IMR Press / EJGO / Volume 40 / Issue 6 / DOI: 10.12892/ejgo5018.2019
Open Access Case Report
Primary management of an extremely large, invasive mucinous ovarian adenocarcinoma: a case report
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1 Gynecologic Oncology Associates, Hoag Cancer Center, Newport Beach, CA, USA
2 Department of Pathology, Hoag Memorial Hospital Presbyterian, Newport Beach, CA, USA
3 Memorial Care Imaging Center at Orange Coast, Fountain Valley, CA, USA
Eur. J. Gynaecol. Oncol. 2019, 40(6), 1044–1046;
Published: 10 December 2019

Background: Mucinous tumors are typically benign lesions, although they can be aggressive and exhibit stromal invasion. Moreover, studies have reported on extremely large mucinous ovarian malignancies that have infiltrated the abdomen and pelvis. Case Report: The authors describe the history of a 52-year-old woman who presented with a 40-cm mucinous ovarian neoplasm that weighed nearly 22 kg. Initially, confirming the diagnosis was complicated and thus, immunohistochemistry (e.g., pancytokeratin, p53, PAX 8, and CK7) staining was indicated. Conclusion: Mucinous ovarian tumors are often associated with a favorable prognosis, but when they are extremely large, disease management can be relatively precarious because of the potential for cardiovascular and intraoperative complications. Since there is some difficulty in assessing large mucinous tumors, immunohistochemistry staining and judicious clinical judgment are essential.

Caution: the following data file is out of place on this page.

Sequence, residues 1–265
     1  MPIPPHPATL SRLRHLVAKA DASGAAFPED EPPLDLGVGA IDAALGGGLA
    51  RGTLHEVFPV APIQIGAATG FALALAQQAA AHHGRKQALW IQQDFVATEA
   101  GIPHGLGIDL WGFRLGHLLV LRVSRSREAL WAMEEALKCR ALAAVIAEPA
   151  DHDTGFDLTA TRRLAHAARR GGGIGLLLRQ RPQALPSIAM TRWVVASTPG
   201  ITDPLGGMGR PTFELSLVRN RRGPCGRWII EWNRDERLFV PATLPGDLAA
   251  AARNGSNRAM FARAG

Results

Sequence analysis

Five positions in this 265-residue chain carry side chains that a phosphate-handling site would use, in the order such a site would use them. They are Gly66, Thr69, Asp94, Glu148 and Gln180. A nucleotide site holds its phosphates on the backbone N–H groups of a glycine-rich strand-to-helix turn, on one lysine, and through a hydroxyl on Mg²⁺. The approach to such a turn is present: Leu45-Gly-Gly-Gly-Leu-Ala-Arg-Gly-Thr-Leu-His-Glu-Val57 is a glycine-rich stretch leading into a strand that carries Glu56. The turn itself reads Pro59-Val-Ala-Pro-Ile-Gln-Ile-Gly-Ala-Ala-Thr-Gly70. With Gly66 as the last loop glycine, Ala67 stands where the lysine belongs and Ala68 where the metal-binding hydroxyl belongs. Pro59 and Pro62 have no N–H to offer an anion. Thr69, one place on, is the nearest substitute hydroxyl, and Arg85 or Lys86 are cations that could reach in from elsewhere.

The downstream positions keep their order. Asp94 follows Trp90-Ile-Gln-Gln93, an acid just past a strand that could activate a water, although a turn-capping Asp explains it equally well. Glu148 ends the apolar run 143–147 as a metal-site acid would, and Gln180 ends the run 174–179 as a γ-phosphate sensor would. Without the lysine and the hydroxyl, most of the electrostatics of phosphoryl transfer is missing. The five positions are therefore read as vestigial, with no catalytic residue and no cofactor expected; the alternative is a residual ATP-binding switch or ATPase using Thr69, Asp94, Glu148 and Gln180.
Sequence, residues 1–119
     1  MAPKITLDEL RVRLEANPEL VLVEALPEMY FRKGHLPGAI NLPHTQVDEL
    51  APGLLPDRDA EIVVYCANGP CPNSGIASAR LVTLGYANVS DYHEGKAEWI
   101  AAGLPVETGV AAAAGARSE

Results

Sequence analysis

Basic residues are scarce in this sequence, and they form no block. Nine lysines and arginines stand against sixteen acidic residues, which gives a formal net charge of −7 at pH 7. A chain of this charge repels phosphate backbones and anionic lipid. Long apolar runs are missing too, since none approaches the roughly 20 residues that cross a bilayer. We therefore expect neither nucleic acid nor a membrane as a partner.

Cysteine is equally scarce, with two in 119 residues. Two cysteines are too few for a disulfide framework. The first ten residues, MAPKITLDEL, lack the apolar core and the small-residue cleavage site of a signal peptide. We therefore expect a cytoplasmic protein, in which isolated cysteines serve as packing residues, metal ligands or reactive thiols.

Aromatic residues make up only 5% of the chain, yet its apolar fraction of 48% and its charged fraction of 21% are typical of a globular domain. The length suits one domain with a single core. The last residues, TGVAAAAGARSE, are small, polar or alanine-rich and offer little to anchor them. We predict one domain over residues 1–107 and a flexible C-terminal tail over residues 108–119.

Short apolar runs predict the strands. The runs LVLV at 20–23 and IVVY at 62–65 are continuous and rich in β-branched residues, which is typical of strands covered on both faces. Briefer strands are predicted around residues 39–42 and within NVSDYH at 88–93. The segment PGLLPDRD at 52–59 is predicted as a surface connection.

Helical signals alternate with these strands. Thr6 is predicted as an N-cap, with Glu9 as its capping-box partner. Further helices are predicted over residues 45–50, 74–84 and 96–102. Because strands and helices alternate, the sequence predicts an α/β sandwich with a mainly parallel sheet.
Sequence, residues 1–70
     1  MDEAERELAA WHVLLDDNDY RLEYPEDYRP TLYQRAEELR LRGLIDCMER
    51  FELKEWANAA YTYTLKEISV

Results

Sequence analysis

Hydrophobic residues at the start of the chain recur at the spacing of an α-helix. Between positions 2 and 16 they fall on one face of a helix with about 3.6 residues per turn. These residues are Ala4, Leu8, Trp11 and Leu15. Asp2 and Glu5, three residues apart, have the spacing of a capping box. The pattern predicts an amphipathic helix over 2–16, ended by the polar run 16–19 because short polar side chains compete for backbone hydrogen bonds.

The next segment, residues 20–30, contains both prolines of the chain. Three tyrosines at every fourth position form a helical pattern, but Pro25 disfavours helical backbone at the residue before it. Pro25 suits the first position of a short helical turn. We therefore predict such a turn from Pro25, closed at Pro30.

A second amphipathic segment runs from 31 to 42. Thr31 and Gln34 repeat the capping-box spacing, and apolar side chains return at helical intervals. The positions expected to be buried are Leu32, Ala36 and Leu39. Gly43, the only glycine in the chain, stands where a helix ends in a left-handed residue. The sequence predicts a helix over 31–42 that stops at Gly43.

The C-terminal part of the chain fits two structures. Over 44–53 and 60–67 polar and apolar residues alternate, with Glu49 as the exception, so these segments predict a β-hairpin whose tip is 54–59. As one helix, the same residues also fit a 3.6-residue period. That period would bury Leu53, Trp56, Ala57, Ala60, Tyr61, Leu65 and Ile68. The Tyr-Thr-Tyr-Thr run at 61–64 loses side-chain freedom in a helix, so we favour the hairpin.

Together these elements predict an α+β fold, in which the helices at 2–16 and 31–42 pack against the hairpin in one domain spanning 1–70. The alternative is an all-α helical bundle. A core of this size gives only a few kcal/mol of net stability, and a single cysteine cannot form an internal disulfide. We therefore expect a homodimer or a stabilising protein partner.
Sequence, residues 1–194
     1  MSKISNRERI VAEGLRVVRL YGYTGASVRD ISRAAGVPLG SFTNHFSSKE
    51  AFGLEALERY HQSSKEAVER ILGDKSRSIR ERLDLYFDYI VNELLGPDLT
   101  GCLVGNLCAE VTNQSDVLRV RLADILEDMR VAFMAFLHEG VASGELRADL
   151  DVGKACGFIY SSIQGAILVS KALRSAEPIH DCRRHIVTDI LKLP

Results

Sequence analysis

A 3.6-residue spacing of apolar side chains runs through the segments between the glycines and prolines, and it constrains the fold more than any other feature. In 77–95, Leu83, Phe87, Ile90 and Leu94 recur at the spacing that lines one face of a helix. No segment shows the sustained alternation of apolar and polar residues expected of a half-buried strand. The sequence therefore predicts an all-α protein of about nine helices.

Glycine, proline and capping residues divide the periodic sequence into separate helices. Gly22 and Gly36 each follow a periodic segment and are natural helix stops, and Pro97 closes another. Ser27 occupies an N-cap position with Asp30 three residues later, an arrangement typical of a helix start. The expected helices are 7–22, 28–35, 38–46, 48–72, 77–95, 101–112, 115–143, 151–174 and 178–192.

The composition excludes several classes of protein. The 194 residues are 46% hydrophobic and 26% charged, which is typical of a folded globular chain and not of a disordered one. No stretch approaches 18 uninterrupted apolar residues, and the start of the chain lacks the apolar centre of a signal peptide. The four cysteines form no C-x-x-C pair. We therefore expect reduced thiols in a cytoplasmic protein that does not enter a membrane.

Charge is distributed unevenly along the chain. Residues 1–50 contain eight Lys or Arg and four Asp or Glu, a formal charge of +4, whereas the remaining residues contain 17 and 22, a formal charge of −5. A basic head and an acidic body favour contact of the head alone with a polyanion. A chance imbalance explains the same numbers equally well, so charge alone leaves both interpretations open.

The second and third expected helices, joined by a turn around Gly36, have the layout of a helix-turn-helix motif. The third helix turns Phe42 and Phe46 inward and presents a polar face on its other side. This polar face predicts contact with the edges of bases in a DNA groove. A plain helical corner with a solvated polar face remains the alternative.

Mucinous ovarian tumors
Large abdominal mass
Patient management
Case report
Figure 1.
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